Scientific Representation: Paradoxes of Perspective

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Bas C. van Fraassen, Scientific Representation: Paradoxes of Perspective, Oxford University Press, 2008, 408pp., $50.00 (hbk), ISBN 9780199278220.

Reviewed by Gabriele Contessa, Carleton University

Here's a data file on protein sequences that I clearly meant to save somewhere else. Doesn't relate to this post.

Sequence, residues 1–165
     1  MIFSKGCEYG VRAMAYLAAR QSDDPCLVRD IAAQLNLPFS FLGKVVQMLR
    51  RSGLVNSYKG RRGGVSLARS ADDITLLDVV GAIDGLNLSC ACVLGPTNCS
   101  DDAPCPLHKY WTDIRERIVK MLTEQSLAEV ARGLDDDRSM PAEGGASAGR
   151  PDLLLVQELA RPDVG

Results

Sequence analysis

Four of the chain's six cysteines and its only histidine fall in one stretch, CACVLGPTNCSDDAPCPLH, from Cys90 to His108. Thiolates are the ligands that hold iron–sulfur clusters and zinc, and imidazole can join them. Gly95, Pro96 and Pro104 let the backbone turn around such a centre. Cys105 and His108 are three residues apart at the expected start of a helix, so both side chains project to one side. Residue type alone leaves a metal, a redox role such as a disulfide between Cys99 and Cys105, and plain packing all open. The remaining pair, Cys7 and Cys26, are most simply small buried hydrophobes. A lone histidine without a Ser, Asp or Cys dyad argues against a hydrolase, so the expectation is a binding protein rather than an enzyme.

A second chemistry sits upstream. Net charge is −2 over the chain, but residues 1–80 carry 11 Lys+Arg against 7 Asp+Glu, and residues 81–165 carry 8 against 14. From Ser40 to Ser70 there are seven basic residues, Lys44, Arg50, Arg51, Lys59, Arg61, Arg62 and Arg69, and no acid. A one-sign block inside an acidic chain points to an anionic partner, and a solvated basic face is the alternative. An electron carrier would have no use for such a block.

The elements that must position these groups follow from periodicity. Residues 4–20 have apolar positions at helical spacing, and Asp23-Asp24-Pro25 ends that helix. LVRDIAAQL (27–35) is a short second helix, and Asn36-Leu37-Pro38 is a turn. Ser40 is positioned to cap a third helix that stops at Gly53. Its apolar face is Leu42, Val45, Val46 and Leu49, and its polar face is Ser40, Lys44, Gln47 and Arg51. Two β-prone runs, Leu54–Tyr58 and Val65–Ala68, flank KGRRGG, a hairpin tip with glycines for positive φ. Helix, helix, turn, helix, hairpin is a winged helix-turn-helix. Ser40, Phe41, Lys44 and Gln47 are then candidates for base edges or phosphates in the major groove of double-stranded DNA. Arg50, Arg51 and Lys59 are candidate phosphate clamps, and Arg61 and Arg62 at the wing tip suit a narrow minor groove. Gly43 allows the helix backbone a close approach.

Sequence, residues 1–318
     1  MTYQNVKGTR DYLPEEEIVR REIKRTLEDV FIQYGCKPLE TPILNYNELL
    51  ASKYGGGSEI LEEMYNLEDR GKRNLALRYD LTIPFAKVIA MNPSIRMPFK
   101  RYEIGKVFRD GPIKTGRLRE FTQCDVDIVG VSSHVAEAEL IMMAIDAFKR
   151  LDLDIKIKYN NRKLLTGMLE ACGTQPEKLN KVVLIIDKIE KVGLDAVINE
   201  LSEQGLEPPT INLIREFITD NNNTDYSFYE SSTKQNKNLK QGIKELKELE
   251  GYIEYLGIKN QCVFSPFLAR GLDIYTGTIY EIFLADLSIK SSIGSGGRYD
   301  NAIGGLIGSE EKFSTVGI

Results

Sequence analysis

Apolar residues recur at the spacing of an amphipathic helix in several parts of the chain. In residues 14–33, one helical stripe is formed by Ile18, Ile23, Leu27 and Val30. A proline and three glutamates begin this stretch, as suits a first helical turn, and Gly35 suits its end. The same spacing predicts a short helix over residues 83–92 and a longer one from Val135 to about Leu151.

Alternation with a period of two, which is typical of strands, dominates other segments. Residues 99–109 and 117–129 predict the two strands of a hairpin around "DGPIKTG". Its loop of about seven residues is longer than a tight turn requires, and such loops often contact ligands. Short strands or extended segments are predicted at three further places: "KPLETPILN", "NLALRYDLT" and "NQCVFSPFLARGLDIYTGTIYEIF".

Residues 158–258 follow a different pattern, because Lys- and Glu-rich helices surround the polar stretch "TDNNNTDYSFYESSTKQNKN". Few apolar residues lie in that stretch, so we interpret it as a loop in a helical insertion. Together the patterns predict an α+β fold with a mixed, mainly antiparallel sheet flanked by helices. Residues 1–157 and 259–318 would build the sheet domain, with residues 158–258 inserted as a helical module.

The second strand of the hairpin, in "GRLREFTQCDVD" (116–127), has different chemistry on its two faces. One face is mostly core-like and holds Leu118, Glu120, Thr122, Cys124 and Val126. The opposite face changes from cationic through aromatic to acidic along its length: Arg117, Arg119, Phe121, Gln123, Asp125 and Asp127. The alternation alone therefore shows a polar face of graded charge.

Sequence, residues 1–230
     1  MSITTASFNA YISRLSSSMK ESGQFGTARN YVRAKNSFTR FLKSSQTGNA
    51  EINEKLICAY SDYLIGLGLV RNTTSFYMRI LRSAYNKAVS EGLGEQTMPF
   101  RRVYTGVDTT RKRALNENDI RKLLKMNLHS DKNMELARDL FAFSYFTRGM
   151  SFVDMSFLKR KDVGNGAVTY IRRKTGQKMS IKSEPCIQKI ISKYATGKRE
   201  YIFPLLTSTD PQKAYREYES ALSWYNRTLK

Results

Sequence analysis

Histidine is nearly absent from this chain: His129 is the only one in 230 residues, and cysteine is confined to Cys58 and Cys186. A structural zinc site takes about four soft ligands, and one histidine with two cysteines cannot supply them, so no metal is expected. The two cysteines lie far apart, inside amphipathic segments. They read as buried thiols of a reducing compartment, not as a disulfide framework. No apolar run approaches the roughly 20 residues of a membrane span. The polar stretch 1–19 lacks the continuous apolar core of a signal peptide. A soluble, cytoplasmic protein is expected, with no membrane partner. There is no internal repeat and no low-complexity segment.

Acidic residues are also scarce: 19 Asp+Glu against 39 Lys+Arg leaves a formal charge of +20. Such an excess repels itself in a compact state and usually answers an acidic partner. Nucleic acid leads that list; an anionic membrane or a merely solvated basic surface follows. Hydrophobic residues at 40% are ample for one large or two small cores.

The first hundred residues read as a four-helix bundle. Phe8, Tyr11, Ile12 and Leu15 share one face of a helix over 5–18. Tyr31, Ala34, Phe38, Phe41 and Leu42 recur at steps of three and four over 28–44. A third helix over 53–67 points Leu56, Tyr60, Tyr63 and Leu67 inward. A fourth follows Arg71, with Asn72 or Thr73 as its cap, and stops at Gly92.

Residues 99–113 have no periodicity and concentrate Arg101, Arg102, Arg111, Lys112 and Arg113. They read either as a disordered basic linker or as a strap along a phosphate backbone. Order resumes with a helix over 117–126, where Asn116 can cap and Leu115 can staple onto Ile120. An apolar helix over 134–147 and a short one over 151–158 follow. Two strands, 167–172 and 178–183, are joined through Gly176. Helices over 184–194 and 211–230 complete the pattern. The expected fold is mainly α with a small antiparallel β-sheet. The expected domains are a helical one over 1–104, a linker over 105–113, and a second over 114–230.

Most philosophers of science today seem to agree on two points. The first is that scientific models play a central role in science (either because scientific theories are collections of models or because models mediate between theories and the world); the second is that scientific models, unlike sentences or propositions, are not truth-apt -- i.e. they are not capable of being true or false. But, how do models relate to the world, if not by being true or false? The most promising answer to this question seems to be that they do so pretty much like maps or portraits do -- i.e. by representing aspects or portions of it. Despite the increasing popularity of this picture of science based on models and representation, however, it is still not entirely clear how scientific models represent real-world systems and even less clear whether and how the many issues in philosophy of science that were traditionally discussed in terms of theories and truth are to be reformulated once one adopts this new picture.